5 Best 3D Printers - Dec. 2015 - BestReviews The FlashForge Creator Pro's variable speed (up to 100 mm/s) makes it among the fastest in its class. Each of our finalists deserves its place in this review, but the best 3D printer is, without doubt, the FlashForge Creator Pro. It's built on the same foundation as the well-known and highly respected Makerbot Replicator, yet it only costs around half as much. At $999, it can't really be called a "cheap" 3D printer, but it is undeniably competitive. Many owners -- particularly those who have owned 3D printers in the past -- think it offers tremendous value for the money. It's noted for its rapid set-up (especially the leveling system) and ease of use, and it is widely regarded as a top-notch entry-level machine.

10 Terrific Apps and Websites for Making and DIY Even with so much technology at our fingertips, the instinct to build stuff with our hands hasn't disappeared. Instead, it's taken on a new form. Enter the "Maker" movement. Blending old-school physical building with modern digital creation, making and DIY have made a splash in the 21st-century classroom. This week, we're highlighting the best apps and websites that harness the power of technology to get kids learning through making. For project ideas, tutorials, and peer feedback, head to Make: Online and DIY websites to get inspired.

Maker Space In Education Series… 10 Sites To Start Making In The Classroom Welcome back and I sure hope you enjoyed the last article of 20 Reasons for Maker Space in Education. I hope you enjoy this post as I highlight 10 sites to possible help you to get Making in the classroom… even if in the smallest way! I encourage you to send me information and resources you think help with this idea, as I am also Making time to learn. First, to ensure you do not miss one of these valuable posts or other resources covering PBL, Digital Curriculum, Web 2.0, STEM, 21st century learning, and technology integration please sign up for 21centuryedtech by email or RSS. Launching a Makerspace: Lessons Learned From a Transformed School Library Excitement about school makerspaces has been in the air, but many educators eager to create hands-on learning spaces in their schools still aren’t sure how to get started or why it’s worth the effort. New Canaan High School librarian Michelle Luhtala recently jumped headfirst into creating a makerspace in her library and documented what she learned, how her space changed and how it affected students along the way. Her experience was very different from elementary school librarian Andy Plemmons, whose makerspace started with a 3-D printer obtained through a grant and blossomed into a core teaching resource at his school.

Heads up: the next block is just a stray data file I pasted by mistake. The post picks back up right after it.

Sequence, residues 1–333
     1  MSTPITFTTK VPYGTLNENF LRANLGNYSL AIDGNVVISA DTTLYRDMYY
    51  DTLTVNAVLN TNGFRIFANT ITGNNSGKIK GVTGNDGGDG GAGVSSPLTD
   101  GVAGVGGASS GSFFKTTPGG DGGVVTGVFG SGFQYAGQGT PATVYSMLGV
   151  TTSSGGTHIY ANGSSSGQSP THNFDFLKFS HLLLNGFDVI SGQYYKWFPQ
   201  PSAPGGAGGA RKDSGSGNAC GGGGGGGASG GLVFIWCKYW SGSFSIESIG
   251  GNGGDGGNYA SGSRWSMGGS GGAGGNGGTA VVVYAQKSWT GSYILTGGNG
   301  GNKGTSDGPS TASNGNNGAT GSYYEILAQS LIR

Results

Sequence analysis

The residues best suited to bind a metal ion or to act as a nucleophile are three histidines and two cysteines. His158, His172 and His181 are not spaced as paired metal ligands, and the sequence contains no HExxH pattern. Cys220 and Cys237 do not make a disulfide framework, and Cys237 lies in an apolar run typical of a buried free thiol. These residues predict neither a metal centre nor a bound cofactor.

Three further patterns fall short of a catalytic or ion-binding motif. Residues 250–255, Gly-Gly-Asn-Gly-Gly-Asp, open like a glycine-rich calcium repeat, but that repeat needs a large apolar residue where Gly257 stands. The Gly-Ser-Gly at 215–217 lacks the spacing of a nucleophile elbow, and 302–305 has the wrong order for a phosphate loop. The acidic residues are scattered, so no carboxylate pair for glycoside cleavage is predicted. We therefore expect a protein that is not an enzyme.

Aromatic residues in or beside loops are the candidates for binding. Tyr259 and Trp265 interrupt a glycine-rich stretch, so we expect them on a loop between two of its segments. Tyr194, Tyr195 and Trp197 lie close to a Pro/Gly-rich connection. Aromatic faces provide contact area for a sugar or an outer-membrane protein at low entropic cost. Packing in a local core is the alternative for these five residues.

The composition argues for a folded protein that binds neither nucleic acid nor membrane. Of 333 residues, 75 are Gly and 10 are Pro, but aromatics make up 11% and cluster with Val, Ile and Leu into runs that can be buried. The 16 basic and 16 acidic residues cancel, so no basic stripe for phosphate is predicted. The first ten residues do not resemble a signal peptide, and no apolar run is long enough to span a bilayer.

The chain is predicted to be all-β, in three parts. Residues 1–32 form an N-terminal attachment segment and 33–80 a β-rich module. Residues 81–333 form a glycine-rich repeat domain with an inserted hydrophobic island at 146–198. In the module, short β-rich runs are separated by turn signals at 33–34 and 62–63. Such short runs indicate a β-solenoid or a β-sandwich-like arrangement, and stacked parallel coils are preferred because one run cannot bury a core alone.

Starting a School Makerspace from Scratch With the National Week of Making behind us, you might be ready to start a makerspace in your school -- but not know where to start. Will purchasing a costly 3D printer and the latest robotics kit ensure learning and maker success? What are some steps to starting a successful makerspace from scratch? Step 1: Immerse Yourself in Maker Education Before you can build your own community of makers, you need to join one!

This is a blog about the life of a deputy headteacher. Well, I tell a lie. This blog is actually about how ‘I am getting on’ in my new role and life at my new school. The Challenge: First and foremost, I am thoroughly enjoying my new challenge, and it is a challenge as one may expect. Maker Space In Education Series… 20 Reasons Your Students Should Be Making It’s still summer time in the States and I couldn’t help but think of the idea of play, and that of course made me think of Maker Space. I have long encourage Making in the classroom. It wasn’t until recently that I discovered that this idea is now a movement and one that I suggest all 21st century educators Make some room for. I hope you enjoy this series and I encourage you to send me information and resources, as I am also Making time to learn.